Convicted of two counts of robbery and sentenced to serve only four years, I was eventually released on parole with nowhere to go. Knowing that it was just a matter of time before I’d be back to doing what I did best, I checked into a long-term residential rehab. Yet just being in a rehab doesn’t work if you don’t really have a program of recovery and after 18 months I relapsed.
For the next six months I wallowed in subjugated depression, unable to stop using. Out on the lam, I avoided my parole officer, who wanted to send me back to prison. It was one of the worst periods of my life. And when I finally had a moment of clarity, I applied to another residential rehab and even though I lied about being off drugs, they did me a favor and took me in. And here again I’d like to say that I was the perfect client doing all the right things that the program asked of me—except that wouldn’t be the truth.
Yes, I had stopped using drugs, but I was still the same person inside. And even though it was perfectly clear at this point that the rules did apply to me, I still acted as if they didn’t. Ignoring the rehab program’s requirements of attending a daily 12-step meeting and getting my attendance slip signed, I’d instead go to the café down the street and read the paper and drink coffee. And then, borrowing a pen, I’d elaborately sign my own attendance slip and go back to the men’s dorm to take a nap. Because of this, another favor was bestowed upon me. A woman I was in treatment with caught on to what I was doing and, jealous of the fact that I was getting away with it, ratted me out to the counselors. That afternoon, the program director found me napping (another infraction of the rules) and dragged me into his office where a hastily assembled staff meeting was in progress. The topic of discussion was my expulsion. When it became more than apparent that the staff meant to kick me out (which would have been considered a parole violation and I would’ve been locked away for at least six months), I promised that I’d follow all the rules, including getting a sponsor to work the steps.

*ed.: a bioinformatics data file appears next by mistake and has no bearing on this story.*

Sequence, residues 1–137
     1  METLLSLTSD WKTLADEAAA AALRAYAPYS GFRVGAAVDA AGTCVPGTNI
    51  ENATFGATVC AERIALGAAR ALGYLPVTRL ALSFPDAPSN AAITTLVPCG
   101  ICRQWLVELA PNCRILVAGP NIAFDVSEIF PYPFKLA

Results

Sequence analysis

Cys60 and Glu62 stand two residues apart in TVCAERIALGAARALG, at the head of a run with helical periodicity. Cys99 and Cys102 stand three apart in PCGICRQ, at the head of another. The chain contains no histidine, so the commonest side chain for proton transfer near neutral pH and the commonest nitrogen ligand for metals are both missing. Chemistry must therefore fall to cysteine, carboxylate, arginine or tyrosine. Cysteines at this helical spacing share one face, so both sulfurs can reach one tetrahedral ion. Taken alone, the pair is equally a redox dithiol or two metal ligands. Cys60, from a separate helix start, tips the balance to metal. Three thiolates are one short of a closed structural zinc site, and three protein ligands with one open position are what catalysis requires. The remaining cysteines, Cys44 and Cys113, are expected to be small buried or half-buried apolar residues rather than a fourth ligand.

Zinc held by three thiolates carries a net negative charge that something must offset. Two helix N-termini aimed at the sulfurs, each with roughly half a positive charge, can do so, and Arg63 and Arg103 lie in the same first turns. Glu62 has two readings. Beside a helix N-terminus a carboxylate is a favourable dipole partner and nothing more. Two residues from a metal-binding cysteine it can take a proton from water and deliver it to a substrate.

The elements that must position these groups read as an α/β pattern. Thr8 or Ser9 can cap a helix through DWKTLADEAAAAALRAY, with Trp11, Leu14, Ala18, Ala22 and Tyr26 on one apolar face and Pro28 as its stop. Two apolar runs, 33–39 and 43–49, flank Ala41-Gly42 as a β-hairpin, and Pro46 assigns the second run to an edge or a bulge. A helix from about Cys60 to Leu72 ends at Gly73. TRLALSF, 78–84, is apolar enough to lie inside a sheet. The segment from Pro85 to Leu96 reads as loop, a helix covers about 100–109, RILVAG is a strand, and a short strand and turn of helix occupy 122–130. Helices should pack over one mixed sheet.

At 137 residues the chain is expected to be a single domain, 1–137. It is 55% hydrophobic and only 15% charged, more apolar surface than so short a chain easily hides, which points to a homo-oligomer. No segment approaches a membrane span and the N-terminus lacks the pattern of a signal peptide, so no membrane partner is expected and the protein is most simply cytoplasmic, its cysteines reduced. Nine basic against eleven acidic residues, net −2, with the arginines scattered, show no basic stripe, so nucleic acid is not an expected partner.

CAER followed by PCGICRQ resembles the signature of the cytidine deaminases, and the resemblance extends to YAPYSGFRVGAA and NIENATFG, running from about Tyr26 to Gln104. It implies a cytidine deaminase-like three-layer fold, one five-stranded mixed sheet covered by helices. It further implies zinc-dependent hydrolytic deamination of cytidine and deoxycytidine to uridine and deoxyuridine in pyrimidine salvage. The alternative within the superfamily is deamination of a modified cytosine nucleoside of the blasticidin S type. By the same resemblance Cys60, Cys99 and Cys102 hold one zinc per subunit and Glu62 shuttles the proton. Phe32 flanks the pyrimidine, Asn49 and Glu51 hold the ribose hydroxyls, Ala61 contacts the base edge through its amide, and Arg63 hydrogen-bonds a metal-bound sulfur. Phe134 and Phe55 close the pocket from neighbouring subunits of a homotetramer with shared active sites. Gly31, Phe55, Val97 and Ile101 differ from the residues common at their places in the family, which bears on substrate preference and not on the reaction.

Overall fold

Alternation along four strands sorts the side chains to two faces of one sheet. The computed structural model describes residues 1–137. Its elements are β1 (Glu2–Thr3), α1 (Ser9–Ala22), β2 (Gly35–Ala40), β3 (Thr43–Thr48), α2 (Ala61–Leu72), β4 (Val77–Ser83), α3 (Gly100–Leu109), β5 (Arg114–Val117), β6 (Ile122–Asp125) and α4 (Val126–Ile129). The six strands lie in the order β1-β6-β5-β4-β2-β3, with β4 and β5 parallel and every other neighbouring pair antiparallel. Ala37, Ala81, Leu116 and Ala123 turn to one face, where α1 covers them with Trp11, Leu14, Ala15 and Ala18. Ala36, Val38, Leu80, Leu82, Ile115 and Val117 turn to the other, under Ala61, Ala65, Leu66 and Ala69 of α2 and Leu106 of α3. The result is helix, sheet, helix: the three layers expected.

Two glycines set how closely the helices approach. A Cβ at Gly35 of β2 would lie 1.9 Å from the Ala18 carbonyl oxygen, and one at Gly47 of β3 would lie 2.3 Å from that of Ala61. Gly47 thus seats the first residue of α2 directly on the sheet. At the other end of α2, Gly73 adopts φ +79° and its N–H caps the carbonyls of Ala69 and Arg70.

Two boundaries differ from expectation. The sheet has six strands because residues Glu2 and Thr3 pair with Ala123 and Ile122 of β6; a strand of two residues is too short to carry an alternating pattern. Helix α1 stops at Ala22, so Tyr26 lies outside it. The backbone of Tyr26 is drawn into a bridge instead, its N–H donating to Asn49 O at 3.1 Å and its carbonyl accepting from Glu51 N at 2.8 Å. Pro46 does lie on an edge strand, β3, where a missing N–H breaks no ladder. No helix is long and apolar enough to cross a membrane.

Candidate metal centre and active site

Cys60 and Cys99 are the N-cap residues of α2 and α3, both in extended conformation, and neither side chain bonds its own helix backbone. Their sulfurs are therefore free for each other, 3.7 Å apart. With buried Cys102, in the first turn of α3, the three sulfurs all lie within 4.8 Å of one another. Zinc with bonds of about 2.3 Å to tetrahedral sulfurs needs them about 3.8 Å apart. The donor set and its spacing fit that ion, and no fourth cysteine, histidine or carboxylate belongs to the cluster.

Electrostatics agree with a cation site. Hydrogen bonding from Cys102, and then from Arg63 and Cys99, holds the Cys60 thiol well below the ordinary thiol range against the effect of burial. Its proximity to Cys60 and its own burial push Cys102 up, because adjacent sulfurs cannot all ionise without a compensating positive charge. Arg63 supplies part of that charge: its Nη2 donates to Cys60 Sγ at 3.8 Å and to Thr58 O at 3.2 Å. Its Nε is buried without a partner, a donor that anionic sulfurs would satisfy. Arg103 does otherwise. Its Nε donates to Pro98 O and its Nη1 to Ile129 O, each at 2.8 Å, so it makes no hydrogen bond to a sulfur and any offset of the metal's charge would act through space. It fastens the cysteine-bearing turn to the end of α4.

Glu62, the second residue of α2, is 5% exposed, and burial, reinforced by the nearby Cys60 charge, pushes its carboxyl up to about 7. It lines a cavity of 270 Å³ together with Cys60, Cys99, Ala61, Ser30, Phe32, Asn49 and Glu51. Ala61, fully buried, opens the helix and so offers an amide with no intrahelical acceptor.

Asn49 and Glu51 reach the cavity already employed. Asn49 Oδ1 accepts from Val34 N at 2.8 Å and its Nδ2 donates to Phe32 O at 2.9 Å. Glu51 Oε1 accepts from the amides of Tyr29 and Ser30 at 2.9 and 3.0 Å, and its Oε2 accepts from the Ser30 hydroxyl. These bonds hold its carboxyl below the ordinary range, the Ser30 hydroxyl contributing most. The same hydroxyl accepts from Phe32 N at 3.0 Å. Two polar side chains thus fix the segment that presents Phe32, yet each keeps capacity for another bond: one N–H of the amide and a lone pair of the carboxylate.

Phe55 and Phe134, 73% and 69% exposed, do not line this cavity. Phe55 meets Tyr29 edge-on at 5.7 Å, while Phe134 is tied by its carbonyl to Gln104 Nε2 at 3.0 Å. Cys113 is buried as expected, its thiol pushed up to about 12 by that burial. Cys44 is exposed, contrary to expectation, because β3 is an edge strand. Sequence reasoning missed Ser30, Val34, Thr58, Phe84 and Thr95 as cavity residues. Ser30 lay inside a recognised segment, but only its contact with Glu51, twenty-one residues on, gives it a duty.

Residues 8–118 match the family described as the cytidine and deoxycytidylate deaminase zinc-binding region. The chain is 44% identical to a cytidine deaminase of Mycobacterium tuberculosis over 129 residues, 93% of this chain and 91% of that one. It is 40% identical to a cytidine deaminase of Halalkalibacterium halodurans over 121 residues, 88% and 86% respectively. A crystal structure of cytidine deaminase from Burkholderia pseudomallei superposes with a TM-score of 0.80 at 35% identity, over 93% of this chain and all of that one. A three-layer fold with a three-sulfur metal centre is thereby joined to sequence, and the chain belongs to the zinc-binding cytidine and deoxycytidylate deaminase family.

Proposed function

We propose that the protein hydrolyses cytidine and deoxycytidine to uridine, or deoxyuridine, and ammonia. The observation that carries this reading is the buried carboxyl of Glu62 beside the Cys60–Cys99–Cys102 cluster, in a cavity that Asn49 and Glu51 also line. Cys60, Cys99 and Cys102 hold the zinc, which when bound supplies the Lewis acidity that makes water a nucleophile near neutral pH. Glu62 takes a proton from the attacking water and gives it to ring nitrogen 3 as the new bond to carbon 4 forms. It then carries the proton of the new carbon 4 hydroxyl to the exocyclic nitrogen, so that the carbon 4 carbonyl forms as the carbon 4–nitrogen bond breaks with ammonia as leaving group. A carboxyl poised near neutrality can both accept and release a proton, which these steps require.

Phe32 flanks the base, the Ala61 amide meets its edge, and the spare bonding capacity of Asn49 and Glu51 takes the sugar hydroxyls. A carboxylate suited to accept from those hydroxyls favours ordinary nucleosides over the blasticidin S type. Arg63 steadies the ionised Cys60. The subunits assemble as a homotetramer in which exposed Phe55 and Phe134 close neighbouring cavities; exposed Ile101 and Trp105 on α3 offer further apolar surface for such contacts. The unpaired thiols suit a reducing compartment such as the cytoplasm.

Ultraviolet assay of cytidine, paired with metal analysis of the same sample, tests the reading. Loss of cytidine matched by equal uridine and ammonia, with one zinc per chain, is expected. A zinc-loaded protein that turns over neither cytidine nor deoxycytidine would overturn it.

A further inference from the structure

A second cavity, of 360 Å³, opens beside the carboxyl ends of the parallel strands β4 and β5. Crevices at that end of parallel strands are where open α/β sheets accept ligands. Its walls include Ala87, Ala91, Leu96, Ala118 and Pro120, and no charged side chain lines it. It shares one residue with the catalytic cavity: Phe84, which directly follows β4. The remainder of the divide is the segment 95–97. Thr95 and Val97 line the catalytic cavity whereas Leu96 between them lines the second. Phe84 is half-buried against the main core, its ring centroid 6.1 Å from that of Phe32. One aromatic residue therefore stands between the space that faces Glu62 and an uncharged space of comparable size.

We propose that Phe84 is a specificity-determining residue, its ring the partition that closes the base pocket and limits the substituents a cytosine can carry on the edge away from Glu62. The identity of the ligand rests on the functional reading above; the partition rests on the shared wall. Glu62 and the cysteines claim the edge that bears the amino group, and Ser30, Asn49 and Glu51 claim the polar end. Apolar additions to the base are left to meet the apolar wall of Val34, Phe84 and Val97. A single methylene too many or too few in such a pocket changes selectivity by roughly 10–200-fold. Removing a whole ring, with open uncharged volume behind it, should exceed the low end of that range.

A few weeks later, while complying with what was asked of me, I realized just how hard I’d been working to not do the right thing. I had been going against the right way for so long, I really didn’t know there was any other. When I finally surrendered and started working the steps with my sponsor, I was able to actually gain an understanding of how futile everything I had done was. I was just screwing myself even further and when I stopped breaking the rules and started adhering to them, things began to change. It’s probably more accurate to say that this when I began to change. I was no longer concerned with getting over on those around me. I didn’t need to control or manipulate everything and everybody. And finally the most important: I wasn’t the center of the universe and everything wasn’t about me.
This internal work hasn’t been easy. There have been times where I’ve wanted to give up and not feel the emotional pain that self-reflection can produce. Yet in doing so, I have grown into the person that I am today, a person that I’ve always wanted to be—someone with integrity, compassion and commitment.
Of course, I had to destroy my life to get here.